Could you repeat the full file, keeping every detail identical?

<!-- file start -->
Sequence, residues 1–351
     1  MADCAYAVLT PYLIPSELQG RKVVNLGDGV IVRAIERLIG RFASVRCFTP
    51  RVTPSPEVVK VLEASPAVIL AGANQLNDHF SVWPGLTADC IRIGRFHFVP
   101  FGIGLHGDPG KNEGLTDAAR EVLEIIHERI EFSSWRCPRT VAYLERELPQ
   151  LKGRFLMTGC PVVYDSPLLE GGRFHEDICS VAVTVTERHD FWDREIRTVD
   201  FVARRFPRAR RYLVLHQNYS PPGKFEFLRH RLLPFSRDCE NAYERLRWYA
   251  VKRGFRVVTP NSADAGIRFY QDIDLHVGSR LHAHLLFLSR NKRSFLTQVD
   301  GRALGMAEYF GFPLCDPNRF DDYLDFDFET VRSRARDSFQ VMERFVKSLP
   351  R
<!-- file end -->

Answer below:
Sequence, residues 1–351
     1  MADCAYAVLT PYLIPSELQG RKVVNLGDGV IVRAIERLIG RFASVRCFTP
    51  RVTPSPEVVK VLEASPAVIL AGANQLNDHF SVWPGLTADC IRIGRFHFVP
   101  FGIGLHGDPG KNEGLTDAAR EVLEIIHERI EFSSWRCPRT VAYLERELPQ
   151  LKGRFLMTGC PVVYDSPLLE GGRFHEDICS VAVTVTERHD FWDREIRTVD
   201  FVARRFPRAR RYLVLHQNYS PPGKFEFLRH RLLPFSRDCE NAYERLRWYA
   251  VKRGFRVVTP NSADAGIRFY QDIDLHVGSR LHAHLLFLSR NKRSFLTQVD
   301  GRALGMAEYF GFPLCDPNRF DDYLDFDFET VRSRARDSFQ VMERFVKSLP
   351  R